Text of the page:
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King's legacy
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Monday, many celebrated the life and vision of Dr. Martin Luther King Jr., the Atlanta-born civil rights leader who inspired millions in the 1960s with his dream of a better life for all people, not just African-Americans.
That tenent of Dr. King’s life is often overlooked. While he rose to prominence as a civil rights leader during a time when society openly practiced discrimination against African Americans, and many of his efforts were geared toward making life better for this country’s black citizens, it seems to us King’s hopes were for all Americans — indeed, for all people.
“I have a dream that one day on the red hills of Georgia, the sons of former slaves and the sons of former slave owners will be able to sit together at the table of brotherhood,” Dr. King said in one of his most stirring speeches.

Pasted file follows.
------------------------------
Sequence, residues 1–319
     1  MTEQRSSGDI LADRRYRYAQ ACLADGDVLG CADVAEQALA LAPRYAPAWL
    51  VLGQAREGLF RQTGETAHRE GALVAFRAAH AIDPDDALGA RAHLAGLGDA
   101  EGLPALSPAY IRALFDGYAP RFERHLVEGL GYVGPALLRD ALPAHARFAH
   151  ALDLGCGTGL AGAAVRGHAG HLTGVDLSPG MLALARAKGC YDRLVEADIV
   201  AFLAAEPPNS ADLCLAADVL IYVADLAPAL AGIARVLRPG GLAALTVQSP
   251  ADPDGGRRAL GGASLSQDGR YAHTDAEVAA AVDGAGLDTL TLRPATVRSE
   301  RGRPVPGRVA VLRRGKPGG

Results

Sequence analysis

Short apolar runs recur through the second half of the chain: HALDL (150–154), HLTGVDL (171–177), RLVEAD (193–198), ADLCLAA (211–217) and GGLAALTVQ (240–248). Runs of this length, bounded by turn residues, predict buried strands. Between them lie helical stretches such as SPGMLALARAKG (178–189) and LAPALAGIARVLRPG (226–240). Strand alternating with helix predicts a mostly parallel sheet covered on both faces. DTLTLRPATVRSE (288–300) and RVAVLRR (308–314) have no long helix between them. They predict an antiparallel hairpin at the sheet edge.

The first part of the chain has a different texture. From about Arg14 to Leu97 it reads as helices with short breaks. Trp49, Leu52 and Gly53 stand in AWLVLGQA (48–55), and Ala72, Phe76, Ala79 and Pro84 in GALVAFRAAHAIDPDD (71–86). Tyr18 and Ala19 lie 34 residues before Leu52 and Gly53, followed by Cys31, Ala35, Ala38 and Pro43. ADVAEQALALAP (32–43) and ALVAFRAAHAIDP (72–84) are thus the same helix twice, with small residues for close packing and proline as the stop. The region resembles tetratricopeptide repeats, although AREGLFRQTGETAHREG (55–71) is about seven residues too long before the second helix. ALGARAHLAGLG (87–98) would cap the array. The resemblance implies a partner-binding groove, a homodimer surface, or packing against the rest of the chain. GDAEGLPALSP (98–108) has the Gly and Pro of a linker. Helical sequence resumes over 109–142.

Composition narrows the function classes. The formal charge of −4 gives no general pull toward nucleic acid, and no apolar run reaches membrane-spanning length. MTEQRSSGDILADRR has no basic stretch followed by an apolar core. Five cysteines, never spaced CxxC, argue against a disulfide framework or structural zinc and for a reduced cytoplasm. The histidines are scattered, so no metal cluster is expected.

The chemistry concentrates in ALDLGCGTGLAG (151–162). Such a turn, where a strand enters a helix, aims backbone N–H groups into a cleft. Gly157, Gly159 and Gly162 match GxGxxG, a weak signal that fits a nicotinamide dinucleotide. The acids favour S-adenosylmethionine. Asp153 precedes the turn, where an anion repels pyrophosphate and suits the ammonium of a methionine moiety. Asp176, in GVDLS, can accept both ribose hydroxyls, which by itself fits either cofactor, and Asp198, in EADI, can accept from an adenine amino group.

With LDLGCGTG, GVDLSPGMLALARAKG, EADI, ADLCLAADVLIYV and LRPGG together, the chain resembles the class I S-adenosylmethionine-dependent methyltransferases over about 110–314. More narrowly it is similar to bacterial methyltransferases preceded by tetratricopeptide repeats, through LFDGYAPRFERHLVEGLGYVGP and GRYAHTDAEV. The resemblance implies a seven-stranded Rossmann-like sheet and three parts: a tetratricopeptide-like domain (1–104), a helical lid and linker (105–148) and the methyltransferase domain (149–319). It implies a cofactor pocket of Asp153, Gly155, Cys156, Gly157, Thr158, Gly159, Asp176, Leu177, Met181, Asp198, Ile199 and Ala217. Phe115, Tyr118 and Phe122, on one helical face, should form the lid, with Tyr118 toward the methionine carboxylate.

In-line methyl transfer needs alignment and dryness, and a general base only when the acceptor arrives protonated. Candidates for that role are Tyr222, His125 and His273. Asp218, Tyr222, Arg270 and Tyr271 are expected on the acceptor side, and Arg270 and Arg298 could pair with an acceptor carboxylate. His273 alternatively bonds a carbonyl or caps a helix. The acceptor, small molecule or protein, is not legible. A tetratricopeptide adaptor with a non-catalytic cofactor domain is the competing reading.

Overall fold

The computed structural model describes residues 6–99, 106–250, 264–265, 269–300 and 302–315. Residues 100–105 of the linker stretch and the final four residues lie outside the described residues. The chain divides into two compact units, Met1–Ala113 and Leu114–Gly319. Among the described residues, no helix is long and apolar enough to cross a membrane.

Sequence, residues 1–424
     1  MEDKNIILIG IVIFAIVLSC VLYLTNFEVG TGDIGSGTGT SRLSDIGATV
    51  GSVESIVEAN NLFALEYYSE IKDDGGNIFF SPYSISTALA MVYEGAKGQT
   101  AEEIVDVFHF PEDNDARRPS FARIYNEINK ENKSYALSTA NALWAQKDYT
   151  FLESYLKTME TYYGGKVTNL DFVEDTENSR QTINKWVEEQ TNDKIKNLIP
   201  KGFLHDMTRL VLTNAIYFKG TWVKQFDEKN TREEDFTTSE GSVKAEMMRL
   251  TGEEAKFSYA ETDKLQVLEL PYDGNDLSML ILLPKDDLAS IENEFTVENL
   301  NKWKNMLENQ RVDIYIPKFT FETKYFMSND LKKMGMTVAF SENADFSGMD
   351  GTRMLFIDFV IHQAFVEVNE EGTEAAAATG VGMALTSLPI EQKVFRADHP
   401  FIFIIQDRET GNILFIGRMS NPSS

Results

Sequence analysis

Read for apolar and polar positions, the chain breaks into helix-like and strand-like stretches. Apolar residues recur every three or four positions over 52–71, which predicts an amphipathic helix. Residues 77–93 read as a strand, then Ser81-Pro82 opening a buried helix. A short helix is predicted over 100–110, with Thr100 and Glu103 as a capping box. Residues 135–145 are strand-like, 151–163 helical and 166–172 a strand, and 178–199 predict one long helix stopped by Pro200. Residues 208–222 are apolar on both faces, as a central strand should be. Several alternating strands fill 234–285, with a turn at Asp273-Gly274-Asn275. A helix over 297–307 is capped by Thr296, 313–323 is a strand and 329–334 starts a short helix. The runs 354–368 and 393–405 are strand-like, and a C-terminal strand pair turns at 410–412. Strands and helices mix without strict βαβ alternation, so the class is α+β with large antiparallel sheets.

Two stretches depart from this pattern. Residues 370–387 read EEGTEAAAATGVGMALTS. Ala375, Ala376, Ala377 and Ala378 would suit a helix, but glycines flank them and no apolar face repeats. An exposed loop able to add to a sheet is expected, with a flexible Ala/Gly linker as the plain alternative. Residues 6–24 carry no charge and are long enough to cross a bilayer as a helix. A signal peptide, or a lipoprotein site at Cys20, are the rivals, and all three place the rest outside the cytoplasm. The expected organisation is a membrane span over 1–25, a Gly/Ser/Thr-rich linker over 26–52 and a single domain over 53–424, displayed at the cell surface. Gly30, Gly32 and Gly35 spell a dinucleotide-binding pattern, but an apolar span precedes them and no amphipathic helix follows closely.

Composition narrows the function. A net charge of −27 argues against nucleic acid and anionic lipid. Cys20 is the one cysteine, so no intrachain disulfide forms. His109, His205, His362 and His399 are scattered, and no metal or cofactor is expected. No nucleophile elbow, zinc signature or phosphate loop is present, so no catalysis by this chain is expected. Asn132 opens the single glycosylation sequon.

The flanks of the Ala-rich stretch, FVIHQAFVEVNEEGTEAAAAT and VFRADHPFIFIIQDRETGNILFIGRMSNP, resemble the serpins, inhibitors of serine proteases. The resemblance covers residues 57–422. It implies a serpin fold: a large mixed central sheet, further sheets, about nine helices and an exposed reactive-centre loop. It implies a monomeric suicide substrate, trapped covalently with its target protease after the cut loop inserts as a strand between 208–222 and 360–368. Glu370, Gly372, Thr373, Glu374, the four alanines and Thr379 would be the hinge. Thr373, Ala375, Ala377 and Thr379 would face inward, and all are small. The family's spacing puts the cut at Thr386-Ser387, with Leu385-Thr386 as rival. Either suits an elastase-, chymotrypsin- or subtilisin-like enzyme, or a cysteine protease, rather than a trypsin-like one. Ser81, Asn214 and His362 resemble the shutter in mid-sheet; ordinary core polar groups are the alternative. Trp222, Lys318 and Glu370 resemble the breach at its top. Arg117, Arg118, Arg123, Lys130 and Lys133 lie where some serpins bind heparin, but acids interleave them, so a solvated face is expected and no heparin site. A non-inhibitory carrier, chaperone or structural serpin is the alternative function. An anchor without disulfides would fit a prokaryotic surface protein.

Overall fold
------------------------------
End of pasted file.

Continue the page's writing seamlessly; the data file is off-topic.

And at a time when there were many in both the black and white communities who thought violence was a way to further their goals, Dr. King remained committed to peace.
“Nonviolence is a powerful and just weapon,” he said, “which cuts without wounding and ennobles the man who wields it. It is a sword that heals.”
This country has come a long way since those turbulent times. But we don’t believe Dr. King’s dream has yet been realized. There are still far too many of the same ills that plagued his time which continue to rear their ugly heads in our time. Too much poverty, too much racism — practiced by people of all colors against those who look or act differently — and too little understanding that what we allow to separate us makes us weaker, not stronger, and poorer, not richer.
Or as Dr. King put it, “We must learn to live together as brothers or perish together as fools.”
But there’s no doubt this country is a better, richer and nobler place because of Dr. King’s life – a man who looked to a day when people aren’t judged by skin color, but by their character.
“We may have all come on different ships,” he once said. “But we’re in the same boat now.”
Those words, and Dr. King’s vision, continue to ring true today.
The Bryan County News
Jan. 18, 2007
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